The Subtle Different Between Coaching Up and Being a Pain the Ass
How to improve your ability to work up in the organizational chart
I’m sure many of you in organizations of every shape and size see the need and opportunity to coach up. But coaching your boss, or other leaders beyond that, can be a tricky business. Despite it being one of the most substantial areas of leverage for a change agent, it is also a grossly underdeveloped skill. The efforts I see from many are not only not moving the organization forward, they are often working against the goals. You cannot become a true change agent until you develop this capability. But do it wrong, and you’ll just be a pain, a source of frustration, and counterproductive to your own cause.
There are several gaps to close to be capable of coaching up. Here are a few that I have observed frequently. I will focus them primarily on coaching your immediate boss, but the lessons really apply to any upward coaching and influence.
1. Attitude and orientation: your boss isn’t the enemy
This is often not how we espouse our feelings, yet the observed behaviors would indicate otherwise. You’re trying to coach up. If you look at how your boss is behaving with distain, lack of respect, or worse, then those attitudes will come through in your coaching. You’re not that good of an actor to hide it.
2. Bosses have bosses
You want your boss to turn left, but his boss is telling him to turn right. Can you hold it against him? I’m sure it depends on the severity, but we have to keep in mind that bosses do have constraints – policy, direction, bosses.
And what’s more, if your boss was directed to do something against their will, they are not going to air their dirty laundry to their directs – at least not if they’re worth their salt. You may not really have the opportunity to know that their degrees of freedom have been reduced. You just need to know that this might be the case.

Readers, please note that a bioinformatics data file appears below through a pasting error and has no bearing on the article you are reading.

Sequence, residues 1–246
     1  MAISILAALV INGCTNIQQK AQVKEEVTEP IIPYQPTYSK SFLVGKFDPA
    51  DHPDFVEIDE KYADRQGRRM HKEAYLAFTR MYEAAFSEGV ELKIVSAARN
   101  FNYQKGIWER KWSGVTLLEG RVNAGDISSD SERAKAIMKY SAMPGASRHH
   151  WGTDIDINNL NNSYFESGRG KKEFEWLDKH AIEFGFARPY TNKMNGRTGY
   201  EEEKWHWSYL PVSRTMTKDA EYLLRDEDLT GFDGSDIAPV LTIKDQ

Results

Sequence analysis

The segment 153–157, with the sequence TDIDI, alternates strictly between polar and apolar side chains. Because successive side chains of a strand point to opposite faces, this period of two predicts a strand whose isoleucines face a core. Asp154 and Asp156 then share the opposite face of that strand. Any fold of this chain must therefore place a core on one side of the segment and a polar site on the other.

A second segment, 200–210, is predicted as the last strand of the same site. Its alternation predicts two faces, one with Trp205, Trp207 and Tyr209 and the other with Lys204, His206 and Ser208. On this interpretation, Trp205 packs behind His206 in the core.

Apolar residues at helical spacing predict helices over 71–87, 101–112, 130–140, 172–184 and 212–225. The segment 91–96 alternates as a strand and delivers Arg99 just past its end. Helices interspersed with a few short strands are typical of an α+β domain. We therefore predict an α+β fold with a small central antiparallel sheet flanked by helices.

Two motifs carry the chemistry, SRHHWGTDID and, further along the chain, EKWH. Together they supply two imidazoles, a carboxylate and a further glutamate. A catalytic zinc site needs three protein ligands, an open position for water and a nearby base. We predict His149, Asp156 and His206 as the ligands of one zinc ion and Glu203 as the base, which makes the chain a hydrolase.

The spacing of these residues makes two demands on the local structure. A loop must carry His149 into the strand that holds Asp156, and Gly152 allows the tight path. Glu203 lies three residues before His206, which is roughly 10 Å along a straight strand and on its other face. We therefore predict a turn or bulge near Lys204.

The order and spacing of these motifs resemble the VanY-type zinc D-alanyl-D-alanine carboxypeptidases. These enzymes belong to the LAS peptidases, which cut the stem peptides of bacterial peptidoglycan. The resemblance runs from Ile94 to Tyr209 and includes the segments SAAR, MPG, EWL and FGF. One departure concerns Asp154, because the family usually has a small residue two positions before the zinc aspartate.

The more you know about your boss’s constraints, the more you can support them.
3. Care about their success more than yours
Ask yourself, why do you want your boss to do something differently…it is for their glory, or yours?
If you want to be effective in coaching up, then it has to be done with the objective of helping them be successful. If you are trying to influence their behavior, it will be much more sustainable adopted if it is connected to their own reasons and benefit. If the behavior you want to them to adopt doesn’t help them to be more successful, then you really have to question why you are doing it.
4. Engage them in the problem statement
It is much easier to get people to buy-in to a solution if they already buy-in to the problem statement. Focus your energies first on understanding a problem statement that your boss already has a commitment to. With a problem statement in hand, it is a smaller move to show them how a new behavior might help with their problem than it is to convince them of a new problem.
5. Find a surrogate
Sometimes, just sometimes, we’re not the right person to do the coaching. Maybe it’s just a personality match issue or maybe it’s some unresolved baggage. Either way, if we care about the outcome more than our ego, then sometimes we need to step aside and find someone else to do the coaching or influencing.